A drama about cyber-bullying, a supernatural thriller featuring Vietnamese families and a new quiz show are among the programs coming to SBS next year.
The multicultural broadcaster revealed its 2019 television slate in Sydney on Tuesday.
“We tell stories and show people on screen that you don’t see anywhere else, giving a voice to communities that would otherwise go unheard,” said SBS’s TV and online content chief, Marshall Heald.
Major scripted debuts include Hungry Ghosts (using elements of the Japanese and Korean supernatural thriller genre, this series explores the lives of Vietnamese families in the aftermath of war); The Hunt (a drama about four teenagers involved in a nude photo-sharing scandal); and Robbie Hood (a six-park comedy, exclusive to SBS on Demand, about a teenager living in a remote Aboriginal community).
A new local version of British quiz show Mastermind – last made in Australia in the 1980s for the ABC – will occupy the 6pm weeknight slot on SBS's main channel. Beginning in April, it will feature four people competing in two rounds: one based on general knowledge and one on a specialist subject.
"It's one of the most iconic game shows of all time, and it provides a point of difference to the news on the other channels," Heald said. "The host is still be announced – but they will need to be smart, funny and tough."
Noni Hazlehurst will present My Family Secret, examining the multicultural history of everyday Australians. Other non-scripted series include Medicine or Myth? (hosted by Dr Charlie Teo, an expert panel puts homespun remedies to the test); Australia in Colour (archival footage is brought to life in colour, showing the true multicultural face of the nation); and the final season of The Family Law (based on Benjamin Law's bestselling memoir).
Noni Hazlehurst will host My Secret Family on SBS in 2019.Credit:James Brickwood
This year, The Ghan – a broadcast of a train making its way across the country, with no music or breaks – averaged 536,000 viewers. In 2019, SBS promises “one nail-biting slow TV event” for each week of January, including a journey on The Indian Pacific, a boat trip through The Kimberley region and similar footage filmed in the UK and New Zealand.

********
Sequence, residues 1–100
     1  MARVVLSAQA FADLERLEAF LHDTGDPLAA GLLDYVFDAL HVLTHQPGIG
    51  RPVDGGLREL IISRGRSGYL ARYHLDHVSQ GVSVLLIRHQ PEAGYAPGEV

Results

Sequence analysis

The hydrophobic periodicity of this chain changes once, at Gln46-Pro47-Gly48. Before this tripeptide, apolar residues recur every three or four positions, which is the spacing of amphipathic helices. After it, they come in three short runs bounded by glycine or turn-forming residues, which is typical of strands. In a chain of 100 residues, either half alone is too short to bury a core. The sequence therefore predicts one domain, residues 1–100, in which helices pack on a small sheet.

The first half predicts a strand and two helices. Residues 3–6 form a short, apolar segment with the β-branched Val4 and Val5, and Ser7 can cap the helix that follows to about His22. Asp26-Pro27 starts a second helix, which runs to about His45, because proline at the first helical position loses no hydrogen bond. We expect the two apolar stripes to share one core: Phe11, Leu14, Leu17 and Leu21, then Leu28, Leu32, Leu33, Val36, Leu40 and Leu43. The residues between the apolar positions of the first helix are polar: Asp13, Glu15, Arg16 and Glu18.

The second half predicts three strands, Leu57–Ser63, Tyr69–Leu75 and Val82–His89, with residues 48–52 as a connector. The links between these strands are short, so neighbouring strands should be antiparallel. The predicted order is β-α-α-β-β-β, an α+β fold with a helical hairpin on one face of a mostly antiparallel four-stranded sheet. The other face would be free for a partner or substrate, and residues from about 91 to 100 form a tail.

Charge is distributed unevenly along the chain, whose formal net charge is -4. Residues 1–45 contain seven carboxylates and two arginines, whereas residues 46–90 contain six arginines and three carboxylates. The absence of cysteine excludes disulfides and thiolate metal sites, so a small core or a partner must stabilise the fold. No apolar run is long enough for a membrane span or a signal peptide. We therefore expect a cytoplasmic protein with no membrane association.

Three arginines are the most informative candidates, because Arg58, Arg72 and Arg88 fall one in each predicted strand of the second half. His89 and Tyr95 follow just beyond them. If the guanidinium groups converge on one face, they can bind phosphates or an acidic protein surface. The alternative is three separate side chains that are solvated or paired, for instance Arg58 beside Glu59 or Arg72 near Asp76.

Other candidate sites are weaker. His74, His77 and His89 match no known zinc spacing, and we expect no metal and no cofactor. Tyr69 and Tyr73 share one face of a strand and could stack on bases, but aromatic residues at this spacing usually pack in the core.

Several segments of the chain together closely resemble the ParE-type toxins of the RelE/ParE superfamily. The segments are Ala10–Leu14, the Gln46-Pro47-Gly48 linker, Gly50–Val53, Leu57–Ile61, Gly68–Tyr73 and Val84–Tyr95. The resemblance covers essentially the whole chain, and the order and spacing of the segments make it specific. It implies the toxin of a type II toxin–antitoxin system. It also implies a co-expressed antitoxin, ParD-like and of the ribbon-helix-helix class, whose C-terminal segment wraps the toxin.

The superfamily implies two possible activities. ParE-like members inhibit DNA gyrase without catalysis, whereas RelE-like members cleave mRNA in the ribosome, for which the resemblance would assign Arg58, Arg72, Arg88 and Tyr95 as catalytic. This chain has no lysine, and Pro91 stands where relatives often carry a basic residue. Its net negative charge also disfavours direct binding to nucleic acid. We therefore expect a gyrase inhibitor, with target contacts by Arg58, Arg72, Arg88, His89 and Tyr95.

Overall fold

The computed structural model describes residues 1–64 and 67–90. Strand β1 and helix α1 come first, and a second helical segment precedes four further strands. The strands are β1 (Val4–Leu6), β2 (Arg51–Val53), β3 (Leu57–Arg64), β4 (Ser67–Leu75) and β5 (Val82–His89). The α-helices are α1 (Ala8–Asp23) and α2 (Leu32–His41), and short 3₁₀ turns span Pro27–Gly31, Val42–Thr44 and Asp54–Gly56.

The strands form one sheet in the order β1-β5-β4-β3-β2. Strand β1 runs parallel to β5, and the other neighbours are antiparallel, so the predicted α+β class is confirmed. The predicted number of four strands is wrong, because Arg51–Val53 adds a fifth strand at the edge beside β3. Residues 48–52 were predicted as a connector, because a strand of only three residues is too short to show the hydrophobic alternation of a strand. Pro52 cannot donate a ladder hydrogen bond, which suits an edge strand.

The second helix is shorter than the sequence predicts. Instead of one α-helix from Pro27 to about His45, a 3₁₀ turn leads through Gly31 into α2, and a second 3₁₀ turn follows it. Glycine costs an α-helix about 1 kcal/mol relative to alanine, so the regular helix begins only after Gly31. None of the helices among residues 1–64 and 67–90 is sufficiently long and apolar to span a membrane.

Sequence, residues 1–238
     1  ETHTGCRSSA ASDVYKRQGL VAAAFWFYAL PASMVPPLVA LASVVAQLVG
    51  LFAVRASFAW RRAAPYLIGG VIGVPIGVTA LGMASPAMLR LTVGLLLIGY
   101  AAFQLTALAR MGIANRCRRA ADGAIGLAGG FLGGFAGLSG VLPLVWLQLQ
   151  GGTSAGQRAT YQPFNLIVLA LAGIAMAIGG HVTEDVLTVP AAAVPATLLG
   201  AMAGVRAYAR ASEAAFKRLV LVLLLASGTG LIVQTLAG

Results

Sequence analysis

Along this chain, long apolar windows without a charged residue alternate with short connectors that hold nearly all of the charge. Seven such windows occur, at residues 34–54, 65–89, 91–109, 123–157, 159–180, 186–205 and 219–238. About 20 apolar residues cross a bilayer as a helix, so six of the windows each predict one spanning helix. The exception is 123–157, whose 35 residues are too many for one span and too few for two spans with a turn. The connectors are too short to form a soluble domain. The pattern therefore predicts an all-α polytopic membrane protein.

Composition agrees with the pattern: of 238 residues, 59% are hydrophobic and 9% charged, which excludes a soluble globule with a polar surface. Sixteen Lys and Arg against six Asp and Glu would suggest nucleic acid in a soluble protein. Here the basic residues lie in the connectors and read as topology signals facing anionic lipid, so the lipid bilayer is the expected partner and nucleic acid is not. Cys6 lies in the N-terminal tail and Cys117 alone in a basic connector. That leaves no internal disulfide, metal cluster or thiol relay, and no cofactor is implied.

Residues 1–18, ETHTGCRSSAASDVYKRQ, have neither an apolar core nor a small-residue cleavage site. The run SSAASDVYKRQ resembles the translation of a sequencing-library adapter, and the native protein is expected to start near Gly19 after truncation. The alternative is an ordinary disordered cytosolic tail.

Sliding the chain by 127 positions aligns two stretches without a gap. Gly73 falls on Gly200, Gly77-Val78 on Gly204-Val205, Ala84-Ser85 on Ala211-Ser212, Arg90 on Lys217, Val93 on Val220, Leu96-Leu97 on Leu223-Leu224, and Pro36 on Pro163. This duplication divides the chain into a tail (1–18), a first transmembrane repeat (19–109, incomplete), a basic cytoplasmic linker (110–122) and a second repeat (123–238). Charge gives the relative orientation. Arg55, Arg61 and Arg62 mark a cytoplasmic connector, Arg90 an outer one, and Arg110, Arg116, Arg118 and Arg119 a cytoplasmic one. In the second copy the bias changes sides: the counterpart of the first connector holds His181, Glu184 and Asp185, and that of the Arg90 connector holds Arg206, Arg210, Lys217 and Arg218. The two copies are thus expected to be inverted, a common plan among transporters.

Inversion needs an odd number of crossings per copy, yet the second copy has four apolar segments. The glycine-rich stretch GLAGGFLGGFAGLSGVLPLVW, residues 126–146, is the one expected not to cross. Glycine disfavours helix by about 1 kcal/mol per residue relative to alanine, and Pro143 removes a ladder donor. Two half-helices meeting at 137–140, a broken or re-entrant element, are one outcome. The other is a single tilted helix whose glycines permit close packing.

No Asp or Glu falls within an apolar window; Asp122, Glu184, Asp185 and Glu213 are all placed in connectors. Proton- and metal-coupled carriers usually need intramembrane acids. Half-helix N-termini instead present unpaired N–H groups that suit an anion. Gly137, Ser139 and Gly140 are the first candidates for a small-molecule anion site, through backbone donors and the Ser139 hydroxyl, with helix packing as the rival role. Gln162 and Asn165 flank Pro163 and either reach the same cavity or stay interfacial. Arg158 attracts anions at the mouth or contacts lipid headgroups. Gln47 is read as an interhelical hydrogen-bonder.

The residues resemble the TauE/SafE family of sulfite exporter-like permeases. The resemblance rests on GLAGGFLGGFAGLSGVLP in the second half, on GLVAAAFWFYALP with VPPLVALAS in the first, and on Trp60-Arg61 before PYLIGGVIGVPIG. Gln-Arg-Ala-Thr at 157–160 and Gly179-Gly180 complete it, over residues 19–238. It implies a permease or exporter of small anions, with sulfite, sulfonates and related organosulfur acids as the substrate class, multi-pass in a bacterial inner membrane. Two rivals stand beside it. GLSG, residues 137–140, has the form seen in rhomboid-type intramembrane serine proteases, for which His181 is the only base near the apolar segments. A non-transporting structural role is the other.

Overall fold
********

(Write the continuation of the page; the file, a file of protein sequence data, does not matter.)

"When you're a small network like us – and a publicly-funded network – I think you have an opportunity to innovate with the form of television," Heald said. "People obviously found the format really beguiling and surprising."
In January, more than half a million viewers watched this train make its way across Australia.Credit:SBS
Continuing its focus on social disadvantage and cross-cultural relationships, SBS has renewed Struggle Street; Secrets of Our Cities; Marry Me Marry My Family; Untold Australia; a follow-up to Muslims Like Us called Christians Like Us; and Who Do You Think You Are?, tracing the family backgrounds of Scott Cam, Rodger Corser, Kurt Fearnley, Casey Donovan and others prominent Australians.
The SBS Food channel, having lost some content to new commercial rival 7Food, will launch new series including Donna Hay's Basics to Brilliance and Basics to Brilliance: Kids (guidance on how to master simple recipes); Lee Chan World Food Tour (the TV presenter eats her way around the world); and The Travelling Chef (Brett McGregor searches the world for new flavours). Starring in other programs on SBS Food are Adam Liaw, Poh Ling Yeow, Shane Delia, Peter Kuruvita, Luke Nguyen, Maeve O’Meara, Kylie Kwong, Nigella Lawson, Rick Stein and Luke Nguen.